IT IS EASY to sympathize with the administration's mounting frustration over the lukewarm response to its charges of Soviet use of biological and chemical weapons. If the Soviet Union is indeed using chemical nerve agents and biochemical toxins in Afghanistan, Laos and Kampuchea, it is not only a flagrant violation of a treaty commitment but also a program of calculated brutality on a broad scale. If it is happening, it is as important as anything else on the international scene, and deserves far more attention than it has been getting.
Precisely because the charges are so important, however, one is forced to ask why more and better evidence to support them has not been marshalled. Opinions on the strength of the case against the Soviet Union, including those in this space, have swung back and forth as evidence has been released, and errors and gaps in the evidence later discovered. Consider Undersecretary Stoessel's announcement this week that the Soviet Union is waging chemical war in Afghanistan. It was the most direct charge to date by the American government of Soviet violation of the 1925 Geneva Convention prohibiting chemical warfare. But where was the evidence?
Mr. Stoessel's statement, a single paragraph long, said only that Afghan military defectors had provided information on types of chemical agents and where and when they were used, and that this "generally corresponds" with refugee reports and records of known military engagements. Yet the statement claimed that there have been 3,042 deaths from chemical attacks. Even if that figure is only a lower limit, its precision, derived as it is from such crude sources, can only subtract from the credibility of the claim. No physical evidence--weapons shells, photographs, chemical samples--has been found. Asked to provide more information, the State Department said it hopes to issue a declassified report, perhaps within one week.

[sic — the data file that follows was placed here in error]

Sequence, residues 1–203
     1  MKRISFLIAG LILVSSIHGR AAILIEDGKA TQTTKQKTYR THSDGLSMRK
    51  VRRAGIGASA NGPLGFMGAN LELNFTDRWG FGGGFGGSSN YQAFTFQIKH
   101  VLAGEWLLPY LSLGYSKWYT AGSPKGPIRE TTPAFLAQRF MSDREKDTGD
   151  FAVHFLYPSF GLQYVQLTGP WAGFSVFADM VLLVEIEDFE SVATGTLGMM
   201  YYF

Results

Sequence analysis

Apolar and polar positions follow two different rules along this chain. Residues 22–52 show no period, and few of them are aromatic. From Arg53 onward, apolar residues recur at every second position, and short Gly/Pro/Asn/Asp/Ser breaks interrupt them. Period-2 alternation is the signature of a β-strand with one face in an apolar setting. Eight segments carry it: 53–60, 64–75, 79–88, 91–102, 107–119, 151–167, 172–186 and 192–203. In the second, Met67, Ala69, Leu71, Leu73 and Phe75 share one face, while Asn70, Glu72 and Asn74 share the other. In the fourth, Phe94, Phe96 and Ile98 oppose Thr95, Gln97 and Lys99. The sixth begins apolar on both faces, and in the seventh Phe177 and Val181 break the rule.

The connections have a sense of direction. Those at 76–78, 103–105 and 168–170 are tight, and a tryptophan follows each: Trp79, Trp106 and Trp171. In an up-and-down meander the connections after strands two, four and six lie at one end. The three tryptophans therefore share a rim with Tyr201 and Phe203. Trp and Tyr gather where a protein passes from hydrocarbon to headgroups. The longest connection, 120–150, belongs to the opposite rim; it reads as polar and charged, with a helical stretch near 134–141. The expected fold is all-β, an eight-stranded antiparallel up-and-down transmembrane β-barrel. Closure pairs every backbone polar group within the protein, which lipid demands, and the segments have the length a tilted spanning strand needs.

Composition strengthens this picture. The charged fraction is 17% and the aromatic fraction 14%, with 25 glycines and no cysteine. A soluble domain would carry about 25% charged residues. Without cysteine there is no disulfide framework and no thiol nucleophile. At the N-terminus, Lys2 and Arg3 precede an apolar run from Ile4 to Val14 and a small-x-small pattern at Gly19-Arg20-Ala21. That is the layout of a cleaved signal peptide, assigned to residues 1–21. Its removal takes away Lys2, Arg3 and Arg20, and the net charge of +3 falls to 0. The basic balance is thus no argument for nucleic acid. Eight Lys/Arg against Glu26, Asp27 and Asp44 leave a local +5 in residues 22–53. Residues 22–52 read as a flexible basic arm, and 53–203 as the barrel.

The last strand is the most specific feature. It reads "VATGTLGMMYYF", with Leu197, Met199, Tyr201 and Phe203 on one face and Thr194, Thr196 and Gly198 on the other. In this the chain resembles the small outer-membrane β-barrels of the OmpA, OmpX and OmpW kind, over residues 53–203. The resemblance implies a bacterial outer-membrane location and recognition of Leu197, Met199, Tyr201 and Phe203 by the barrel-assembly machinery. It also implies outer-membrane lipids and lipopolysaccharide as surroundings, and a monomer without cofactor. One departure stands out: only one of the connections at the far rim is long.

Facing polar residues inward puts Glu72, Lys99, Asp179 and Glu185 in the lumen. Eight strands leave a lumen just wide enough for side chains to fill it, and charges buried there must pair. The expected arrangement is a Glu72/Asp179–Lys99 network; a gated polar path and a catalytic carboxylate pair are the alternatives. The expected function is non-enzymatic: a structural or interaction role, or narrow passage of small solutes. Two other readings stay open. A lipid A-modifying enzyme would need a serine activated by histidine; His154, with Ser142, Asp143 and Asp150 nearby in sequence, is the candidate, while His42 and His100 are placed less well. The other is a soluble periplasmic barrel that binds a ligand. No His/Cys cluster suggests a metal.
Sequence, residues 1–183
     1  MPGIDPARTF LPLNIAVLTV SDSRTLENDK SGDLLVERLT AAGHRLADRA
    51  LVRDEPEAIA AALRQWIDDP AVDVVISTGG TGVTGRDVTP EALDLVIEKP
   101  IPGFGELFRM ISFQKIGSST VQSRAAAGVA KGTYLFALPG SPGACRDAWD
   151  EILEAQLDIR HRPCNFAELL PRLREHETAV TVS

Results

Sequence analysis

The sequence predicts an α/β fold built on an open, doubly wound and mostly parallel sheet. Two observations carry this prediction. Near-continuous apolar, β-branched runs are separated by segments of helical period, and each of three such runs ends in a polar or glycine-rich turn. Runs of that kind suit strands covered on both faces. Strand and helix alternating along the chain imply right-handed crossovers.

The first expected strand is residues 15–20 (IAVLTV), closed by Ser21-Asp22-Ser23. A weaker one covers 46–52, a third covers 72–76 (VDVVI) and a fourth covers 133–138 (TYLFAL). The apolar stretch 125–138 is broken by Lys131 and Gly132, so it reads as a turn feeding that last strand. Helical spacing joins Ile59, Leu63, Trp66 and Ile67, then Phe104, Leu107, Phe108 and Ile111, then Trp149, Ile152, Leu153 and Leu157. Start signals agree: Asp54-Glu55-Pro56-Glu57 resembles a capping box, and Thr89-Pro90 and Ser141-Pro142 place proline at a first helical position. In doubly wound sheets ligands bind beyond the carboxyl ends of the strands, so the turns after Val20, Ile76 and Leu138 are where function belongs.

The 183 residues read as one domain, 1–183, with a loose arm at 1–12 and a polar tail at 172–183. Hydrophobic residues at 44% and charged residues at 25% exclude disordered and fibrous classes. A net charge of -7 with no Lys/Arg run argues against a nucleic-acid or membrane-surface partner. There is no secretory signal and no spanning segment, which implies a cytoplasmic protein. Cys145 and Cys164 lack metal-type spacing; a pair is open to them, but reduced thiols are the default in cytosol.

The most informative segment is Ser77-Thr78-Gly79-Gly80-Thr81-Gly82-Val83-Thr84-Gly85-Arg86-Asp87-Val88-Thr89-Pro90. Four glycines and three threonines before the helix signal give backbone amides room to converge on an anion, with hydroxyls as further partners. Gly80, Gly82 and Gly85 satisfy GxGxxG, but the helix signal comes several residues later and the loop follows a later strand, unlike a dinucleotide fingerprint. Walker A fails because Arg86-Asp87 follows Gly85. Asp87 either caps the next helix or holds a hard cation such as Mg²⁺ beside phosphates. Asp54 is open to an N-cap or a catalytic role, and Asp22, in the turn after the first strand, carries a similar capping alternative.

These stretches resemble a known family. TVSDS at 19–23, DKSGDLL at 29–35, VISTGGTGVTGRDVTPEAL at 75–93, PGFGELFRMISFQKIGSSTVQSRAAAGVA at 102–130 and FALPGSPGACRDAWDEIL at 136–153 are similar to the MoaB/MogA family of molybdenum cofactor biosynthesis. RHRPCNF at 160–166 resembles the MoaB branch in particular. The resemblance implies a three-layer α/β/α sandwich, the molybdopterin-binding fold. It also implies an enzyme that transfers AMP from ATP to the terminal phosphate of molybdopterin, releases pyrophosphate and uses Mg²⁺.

This sort of thing has been the rule, not the exception. The first announcement of physical evidence of the use of "yellow rain" in Southeast Asia was made on the basis of chemical analysis of a single leaf sample, with no scientific controls. The identification of the source of the toxin included the assertion that the organisms "are not native to warm climates, i.e. Southeast Asia" (emphasis in the original). A few weeks later an independent expert pointed out that natural outbreaks have occurred in India.
In short, if the administration finds the domestic skepticism and international indifference to its charges to be troubling, it has no one but itself to blame. Convincing evidence need not be rigorous enough to meet the standards of a court of law or a scientific journal. These are, after all, active war zones in remote and devastated countries, and collecting reliable proof of the use of these sorts of weapons is a dangerous and technically sophisticated business.
But after years of charges and reportedly "thousands" of refugee reports, it is puzzling--and to some, suspicious--that the government has been unable to document the charges more conclusively. Granted, the evidence is difficult to collect. But with reasonable effort over a period of many years, it should not be that difficult.